President Trump’s Next 100 Days May Look a Lot Like the First 100

5 minute read

Repealing Obamacare. Renegotiating NAFTA. Building the border wall. Cutting taxes. Rebuilding roads and airports.

None of it happened in the first 100 days of Donald Trump’s presidency — but that doesn’t mean it won’t happen in the next 100, if you ask the White House and Republican leaders.

More than three months into the Trump Administration, many of the biggest promises the President made for the first three months of his tenure remain unfulfilled.

During his campaign, Trump said that in the first 100 days he would repeal Obamacare, begin work on the border wall with Mexico, increase training of police officers, remake NAFTA and label China a currency manipulator, among other things. The president has barely anything to show from this ambitious wish list, partly because he has been unable to steer legislation through Congress (like passing a tax plan, for example) and partly because Trump himself has not taken some executive actions he’d said he’d take (like pull out of the Paris climate accord).

Trump and Republican leaders are now brushing off the importance of the 100-day marker, with Trump calling it a “ridiculous standard” and House Speaker Paul Ryan giving him cover.

“You know me. I talk about 200 days,” said Ryan on Thursday.

On the docket for the next 100 days of Donald Trump’s presidency are more or less the same items as the first, though it’s clear that he’s on to a more focused list of goals. His success will depend in part on his ability to work with Congress. Considering the challenges of the last 100 days, the next three months may look pretty similar: plenty of commitments and less action.

The border wall

After making overtures about pushing for money for the wall in the government funding bill due on Friday, the President backed off, rather than risk a government shutdown. But he’s promised to build the wall at some point in the future — in some form — despite skepticism from many in his own party.

“I think Trump’s backed off the wall,” said Sen. Lindsey Graham, who had dinner with the president this week. “I got the sense that he’s not going to take this fight too far, that he understands border security’s important, that he’s not going to overplay his hand.”

More likely than not, Trump will have to settle for some increased border security as part of a broader deal on immigration or government funding, which could include drones, surveillance, border patrols and some fencing.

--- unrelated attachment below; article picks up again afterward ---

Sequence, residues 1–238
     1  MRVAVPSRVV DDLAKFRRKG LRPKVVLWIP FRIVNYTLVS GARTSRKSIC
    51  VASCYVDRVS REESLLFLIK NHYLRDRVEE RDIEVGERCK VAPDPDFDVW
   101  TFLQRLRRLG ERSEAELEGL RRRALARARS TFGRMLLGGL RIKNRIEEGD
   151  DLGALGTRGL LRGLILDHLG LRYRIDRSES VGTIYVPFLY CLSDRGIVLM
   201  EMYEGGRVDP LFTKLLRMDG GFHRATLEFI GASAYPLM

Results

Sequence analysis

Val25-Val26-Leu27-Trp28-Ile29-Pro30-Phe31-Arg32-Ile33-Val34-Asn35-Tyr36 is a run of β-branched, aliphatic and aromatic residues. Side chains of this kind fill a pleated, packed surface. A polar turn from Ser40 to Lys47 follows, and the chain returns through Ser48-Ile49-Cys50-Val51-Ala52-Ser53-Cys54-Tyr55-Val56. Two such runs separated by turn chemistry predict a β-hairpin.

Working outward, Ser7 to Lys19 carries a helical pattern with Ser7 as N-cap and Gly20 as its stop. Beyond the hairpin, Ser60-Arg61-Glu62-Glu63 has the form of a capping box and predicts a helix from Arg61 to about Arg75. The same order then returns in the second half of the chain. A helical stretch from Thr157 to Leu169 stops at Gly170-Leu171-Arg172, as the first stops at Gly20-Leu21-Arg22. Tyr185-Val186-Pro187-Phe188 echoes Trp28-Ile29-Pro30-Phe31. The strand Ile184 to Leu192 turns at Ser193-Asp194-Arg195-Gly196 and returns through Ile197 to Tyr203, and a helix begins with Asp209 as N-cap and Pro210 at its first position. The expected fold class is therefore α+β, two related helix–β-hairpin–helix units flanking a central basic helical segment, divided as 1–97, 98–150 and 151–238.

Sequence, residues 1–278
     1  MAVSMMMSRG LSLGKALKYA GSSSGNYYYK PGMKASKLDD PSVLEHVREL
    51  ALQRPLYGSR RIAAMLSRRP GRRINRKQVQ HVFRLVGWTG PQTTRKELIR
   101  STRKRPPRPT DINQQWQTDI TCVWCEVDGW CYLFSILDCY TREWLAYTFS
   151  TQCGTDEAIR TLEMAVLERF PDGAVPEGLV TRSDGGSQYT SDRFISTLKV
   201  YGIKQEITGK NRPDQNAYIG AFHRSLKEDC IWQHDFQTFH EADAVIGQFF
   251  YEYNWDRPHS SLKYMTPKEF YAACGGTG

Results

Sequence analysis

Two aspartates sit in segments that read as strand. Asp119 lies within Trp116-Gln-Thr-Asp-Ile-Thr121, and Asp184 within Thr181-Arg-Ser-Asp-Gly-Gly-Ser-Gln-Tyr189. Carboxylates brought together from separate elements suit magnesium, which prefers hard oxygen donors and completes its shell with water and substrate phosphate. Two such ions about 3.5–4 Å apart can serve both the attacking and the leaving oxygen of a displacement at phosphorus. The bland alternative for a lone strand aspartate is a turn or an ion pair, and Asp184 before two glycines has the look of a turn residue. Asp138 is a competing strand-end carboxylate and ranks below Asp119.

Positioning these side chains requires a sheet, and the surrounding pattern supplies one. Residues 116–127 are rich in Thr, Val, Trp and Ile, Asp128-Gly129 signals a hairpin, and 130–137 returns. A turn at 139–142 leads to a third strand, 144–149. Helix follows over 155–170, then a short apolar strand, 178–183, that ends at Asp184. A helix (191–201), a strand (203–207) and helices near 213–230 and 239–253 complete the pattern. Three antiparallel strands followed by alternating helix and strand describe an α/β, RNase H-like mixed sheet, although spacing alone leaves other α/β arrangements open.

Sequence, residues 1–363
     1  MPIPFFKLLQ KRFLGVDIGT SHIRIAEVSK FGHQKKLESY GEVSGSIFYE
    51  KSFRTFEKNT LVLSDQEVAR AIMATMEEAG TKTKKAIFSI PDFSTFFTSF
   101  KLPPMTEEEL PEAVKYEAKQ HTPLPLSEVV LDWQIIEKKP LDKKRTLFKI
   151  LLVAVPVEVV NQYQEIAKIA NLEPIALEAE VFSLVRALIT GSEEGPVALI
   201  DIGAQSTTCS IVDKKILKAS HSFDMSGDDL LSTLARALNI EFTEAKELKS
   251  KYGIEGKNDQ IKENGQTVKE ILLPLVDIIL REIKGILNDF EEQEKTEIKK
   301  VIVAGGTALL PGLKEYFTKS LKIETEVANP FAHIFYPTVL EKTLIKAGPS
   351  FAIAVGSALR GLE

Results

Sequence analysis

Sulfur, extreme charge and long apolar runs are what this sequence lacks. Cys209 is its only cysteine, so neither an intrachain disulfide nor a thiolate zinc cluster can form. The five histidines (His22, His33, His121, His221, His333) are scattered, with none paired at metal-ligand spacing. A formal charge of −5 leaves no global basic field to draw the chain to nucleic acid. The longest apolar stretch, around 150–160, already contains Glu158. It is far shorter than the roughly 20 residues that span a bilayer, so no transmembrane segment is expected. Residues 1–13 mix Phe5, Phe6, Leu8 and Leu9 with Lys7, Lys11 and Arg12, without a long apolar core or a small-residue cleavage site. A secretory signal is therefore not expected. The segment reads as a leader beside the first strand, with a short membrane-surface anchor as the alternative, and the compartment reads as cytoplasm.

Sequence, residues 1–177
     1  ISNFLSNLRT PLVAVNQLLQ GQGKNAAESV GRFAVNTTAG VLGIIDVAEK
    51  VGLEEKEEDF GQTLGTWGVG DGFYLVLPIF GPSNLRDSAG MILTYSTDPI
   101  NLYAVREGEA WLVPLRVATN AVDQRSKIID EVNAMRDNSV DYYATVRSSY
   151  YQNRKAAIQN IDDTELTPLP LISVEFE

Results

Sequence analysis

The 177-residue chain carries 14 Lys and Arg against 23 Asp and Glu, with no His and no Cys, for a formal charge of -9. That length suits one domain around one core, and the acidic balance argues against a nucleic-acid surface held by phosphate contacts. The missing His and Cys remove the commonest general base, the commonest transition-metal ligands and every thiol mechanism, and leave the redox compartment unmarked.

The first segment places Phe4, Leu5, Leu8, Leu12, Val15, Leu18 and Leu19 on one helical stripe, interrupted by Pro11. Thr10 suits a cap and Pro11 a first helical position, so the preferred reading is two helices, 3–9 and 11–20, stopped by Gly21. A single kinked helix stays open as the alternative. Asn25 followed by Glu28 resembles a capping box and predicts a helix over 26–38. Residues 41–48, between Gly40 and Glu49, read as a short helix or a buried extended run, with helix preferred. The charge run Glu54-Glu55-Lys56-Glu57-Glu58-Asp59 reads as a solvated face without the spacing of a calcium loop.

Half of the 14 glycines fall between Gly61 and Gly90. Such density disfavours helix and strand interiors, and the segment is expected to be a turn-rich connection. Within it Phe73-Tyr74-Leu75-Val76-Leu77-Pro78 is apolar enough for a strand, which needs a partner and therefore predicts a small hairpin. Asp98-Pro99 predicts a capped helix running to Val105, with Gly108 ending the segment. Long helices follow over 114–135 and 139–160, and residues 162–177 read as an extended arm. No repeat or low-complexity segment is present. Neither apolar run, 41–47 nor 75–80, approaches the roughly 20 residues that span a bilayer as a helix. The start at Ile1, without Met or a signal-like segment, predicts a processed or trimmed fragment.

“We hope to begin construction by the end of the summer,” Homeland Security Secretary John Kelly told CNN. “Clearly, we’re not going to build a wall in an afternoon.”

Tax reform

The President said he would introduce a tax legislation in the first 100 days; on Wednesday, he announced a broad-strokes plan, but no legislative language. Over the next weeks and months, Trump will likely work with Congress to turn the proposal into some kind of bill.

Trump’s current proposal would cost at least $9.5 trillion over 10 years, according to analyses, cut the 35 percent corporate income tax to 15 percent, the top income tax rates for the richest Americans ($470,000 for a married couple) to 35 percent and eliminate the estate tax.

The problem is that in order for tax reform to pass, it will either need to pass as a budget reconciliation — meaning that it needs to be deficit neutral — or it will need Democratic votes in the Senate, requiring it to be a bipartisan bill. Both those paths look unlikely right now.

Health care

The President vowed to sign a bill to repeal Obamacare “immediately,” suggesting he would do so in his first days of office. Trump has been unable to corral enough votes in Congress despite extensive personally lobbying lawmakers.

A new agreement negotiated between conservatives in Congress and Rep. Tom MacArthur, a moderate from New Jersey may have a better chance of passing. It would allow states to opt out of requiring insurance companies to cover certain care (like emergency services), and allow insurers to charge people with preexisting conditions more. According to a score by the nonpartisan Congressional Budget Office, the bill would raise premiums and increase the number of uninsured.

While President Trump and conservatives in Congress have voiced their support, it’s not clear whether Republicans will have enough votes to repeal Obamacare under the new agreement. House Republican leaders have delayed a vote to try to rally more support.

North Korea

The White House signaled it will take a hard line on North Korea, with Vice President Mike Pence saying last week the “era of strategic patience is over” and President Trump warning in a Reuters interview that a “major, major” conflict with North Korea is possible.

Over the next weeks and months, the White House will seek to push China to wind down economic relations with North Korea, which relies on its larger neighbor for approximately 70% of its total trade. Secretary of State Rex Tillerson warned on Friday that the United States is willing to take military action against the rogue state, which has developed nuclear weapons, but that the U.S. is open to talks.


After the White House first signaled this week it would terminate NAFTA, Trump backed up and said he would merely renegotiate the massive trade agreement with Mexico and Canada. It is a gargantuan task: the United States relies heavily on trade with both its neighbors, which are its second- and third-largest trade partners. Supply chains between the two countries are deeply intertwined, so any changes to the trade agreement could have an outsize effect on American industries.

More Must-Reads From TIME

Contact us at